Handing Fred Couples a driver and giving him a free whack at a golf ball on every tee, a swing unencumbered by the usual concern of having to then find the ball, is like giving a spear gun to the shark in "Jaws." It's simply too much firepower.
But on Saturday at the $1-million Ronald McDonald Children's Charities golf tournament at the Sherwood Country Club in Thousand Oaks, they did give Couples--one of the longest drivers ever on the PGA Tour--a worry-free crack at the ball on each tee. With teammate Raymond Floyd--one of the most accurate drivers in PGA history--waiting in the on-deck circle with a back-up drive if needed in the unique alternate-shot format, Couples was free to crank it up.
And when the smoking turf on the tees had cooled after 18 holes, Couples and Floyd had left everyone--the spectators and Arnold Palmer and even themselves--gasping.
Couples and Floyd combined to shoot a spectacular round of 15-under-par, a startling score of 57 on the long and difficult layout in a format that does not routinely lend itself to unusually low scores.
"Fifteen under par for a round of golf is phenomenal," Palmer said. "It is pretty much unheard of. Fifteen under par is a lot of golf."
Even Couples seemed stunned.
"That was something else," he said. "Ten under par in alternate shot golf is spectacular, forget 15."
And from Floyd, a veteran of 28 PGA seasons and the winner of four majors: "I can't remember ever having so much fun on a golf course."
All the fun left Floyd and Couples with a six-stroke lead over the teams of Palmer-Peter Jacobsen and Mark Calcavecchia and Ian Baker-Finch heading into today's final round of the tournament. The final 18 holes will be played in a scramble format, with both players on the team hitting each shot and then selecting the better of the two locations from which to hit their next shot.
Curtis Strange and Mark O'Meara, the defending champions and the leaders after Friday's first round in a best-ball format, shot a round of 69 and were seven strokes behind the leaders.
In Saturday's format, both players hit tee shots. The better of the two drives was then selected and the other partner hit the second shot, repeating the alternating pattern until the hole was completed.
And right from the start, it was clear that Couples, knowing that if his drive whistled off the course the steady swing of Floyd would serve the team just fine, began to sting the ball. He scorched it down the middle of the fairway with tremendous consistency, powering it 310 and 320 and even 330 yards.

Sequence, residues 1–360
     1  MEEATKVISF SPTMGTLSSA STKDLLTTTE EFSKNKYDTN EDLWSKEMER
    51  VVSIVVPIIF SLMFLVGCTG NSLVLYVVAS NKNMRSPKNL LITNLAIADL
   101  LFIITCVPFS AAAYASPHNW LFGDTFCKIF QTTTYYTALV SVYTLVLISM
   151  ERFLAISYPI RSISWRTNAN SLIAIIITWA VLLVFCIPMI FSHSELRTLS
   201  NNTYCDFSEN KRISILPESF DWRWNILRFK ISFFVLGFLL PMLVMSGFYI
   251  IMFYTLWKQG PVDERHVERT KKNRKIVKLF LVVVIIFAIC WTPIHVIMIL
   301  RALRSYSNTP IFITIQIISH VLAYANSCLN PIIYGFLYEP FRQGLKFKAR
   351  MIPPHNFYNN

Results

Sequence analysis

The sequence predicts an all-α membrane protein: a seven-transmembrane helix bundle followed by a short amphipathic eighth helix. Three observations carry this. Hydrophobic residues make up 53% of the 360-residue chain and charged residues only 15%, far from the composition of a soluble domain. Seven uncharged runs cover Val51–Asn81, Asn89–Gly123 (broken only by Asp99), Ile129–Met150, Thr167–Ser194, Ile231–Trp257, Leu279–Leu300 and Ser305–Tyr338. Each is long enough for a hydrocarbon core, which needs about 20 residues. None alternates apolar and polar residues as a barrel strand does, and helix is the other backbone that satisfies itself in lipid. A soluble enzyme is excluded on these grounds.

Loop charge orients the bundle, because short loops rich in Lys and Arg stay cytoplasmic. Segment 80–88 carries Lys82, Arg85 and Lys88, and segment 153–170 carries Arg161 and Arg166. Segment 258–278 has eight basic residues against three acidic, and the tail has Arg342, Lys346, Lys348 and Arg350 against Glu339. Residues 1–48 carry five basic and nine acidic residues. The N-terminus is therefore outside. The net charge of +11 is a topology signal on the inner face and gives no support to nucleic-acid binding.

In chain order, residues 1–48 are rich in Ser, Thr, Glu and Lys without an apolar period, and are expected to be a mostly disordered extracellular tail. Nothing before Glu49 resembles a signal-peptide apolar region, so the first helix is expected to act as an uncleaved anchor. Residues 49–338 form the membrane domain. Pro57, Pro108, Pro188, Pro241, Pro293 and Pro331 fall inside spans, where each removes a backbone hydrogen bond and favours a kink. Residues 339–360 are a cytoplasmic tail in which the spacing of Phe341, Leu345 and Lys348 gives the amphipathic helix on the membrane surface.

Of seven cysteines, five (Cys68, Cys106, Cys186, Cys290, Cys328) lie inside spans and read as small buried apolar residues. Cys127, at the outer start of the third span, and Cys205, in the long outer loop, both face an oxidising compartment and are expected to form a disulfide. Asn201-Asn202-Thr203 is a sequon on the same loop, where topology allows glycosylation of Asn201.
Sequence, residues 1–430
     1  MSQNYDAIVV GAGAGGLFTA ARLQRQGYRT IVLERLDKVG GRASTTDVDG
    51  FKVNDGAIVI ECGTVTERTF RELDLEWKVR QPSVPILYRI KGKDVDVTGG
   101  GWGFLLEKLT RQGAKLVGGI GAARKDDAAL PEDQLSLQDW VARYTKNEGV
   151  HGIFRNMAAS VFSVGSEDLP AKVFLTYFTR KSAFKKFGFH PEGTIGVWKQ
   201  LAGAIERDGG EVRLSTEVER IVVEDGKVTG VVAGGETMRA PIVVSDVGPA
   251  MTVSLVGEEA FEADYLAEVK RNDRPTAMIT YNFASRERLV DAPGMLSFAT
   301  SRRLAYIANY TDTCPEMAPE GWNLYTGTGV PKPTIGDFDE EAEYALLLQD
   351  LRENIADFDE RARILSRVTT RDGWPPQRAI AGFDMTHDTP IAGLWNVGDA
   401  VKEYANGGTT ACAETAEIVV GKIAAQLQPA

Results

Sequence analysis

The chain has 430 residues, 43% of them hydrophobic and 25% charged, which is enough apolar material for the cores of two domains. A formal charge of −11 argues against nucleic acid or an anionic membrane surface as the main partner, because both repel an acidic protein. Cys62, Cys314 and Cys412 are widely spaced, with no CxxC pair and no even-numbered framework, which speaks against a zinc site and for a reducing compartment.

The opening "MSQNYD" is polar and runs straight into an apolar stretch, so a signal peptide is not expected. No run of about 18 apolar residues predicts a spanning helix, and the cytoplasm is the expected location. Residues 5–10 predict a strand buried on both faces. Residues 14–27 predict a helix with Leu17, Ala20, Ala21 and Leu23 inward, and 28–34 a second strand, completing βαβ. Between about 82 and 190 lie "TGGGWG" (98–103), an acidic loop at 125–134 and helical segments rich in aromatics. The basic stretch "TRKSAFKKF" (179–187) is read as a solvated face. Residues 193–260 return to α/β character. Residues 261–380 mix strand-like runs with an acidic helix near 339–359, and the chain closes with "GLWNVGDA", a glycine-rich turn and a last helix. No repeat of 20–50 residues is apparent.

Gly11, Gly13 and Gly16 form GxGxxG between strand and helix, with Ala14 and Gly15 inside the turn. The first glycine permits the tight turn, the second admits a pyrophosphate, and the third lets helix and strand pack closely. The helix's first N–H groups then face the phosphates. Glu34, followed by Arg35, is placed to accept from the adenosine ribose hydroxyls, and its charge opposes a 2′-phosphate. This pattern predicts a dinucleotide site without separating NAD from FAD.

And then a smiling Floyd would step up to the ball and rip it at the pin.
"When you get to play in the fairway from where Fred was driving the ball, this is an easy game," said Floyd, winner of the Masters, the U.S. Open and twice the PGA Championship.
"I can hit the greens with a wedge, believe me."
And often, a wedge was all he needed. On the monstrous seventh hole, a 450-yard par-four, Couples hit a drive 325 yards into the middle of the fairway, leaving Floyd with a 125-yard shot to the green. He put the ball 10 inches from the flag, and Couples tapped it in for the easy birdie.
On the second hole, Floyd holed a 25-foot shot from the sand for an eagle. Floyd also chipped in for an eagle on the 11th hole. And as if his driving was not enough, Couples also donated a 20-foot birdie putt on the 13th hole and a 16-foot birdie putt on the 14th.
"It was very relaxing on the tee," Couples said, "knowing I could stand up and just rip it with Raymond behind me. I was definitely taking a big swing at it."
Calcavecchia and Baker-Finch, who shot a round of 62, would have been excused for being a bit frustrated after the round. After all, they combined to shoot five under par on the first nine holes--and lost a stroke to Couples and Floyd, who shot a 30 as the teams played together in a foursome. And Calcavecchia and Baker-Finch birdied the 11th, 12th and 13th holes and lost another stroke to Couples and Floyd, who played those holes birdie- eagle- birdie.
Calcavecchia was stunned, but not frustrated.
"It was just awesome," he said. "It was actually fun to watch. We played really good, and it's hard to believe we're down six strokes. It was something else to watch. Fred drove the ball 320 yards down the middle every time except on one hole, and on that hole Raymond stepped up and hit an absolutely perfect drive.
"It was perfect, I think. The perfect round of golf."
Not so perfect was the team of tournament host Greg Norman and course designer Jack Nicklaus, who finished with a 70 and were 14 strokes behind the leading team.
The tournament offers $250,000 to the winning team and is expected to raise more than $1 million for several charities.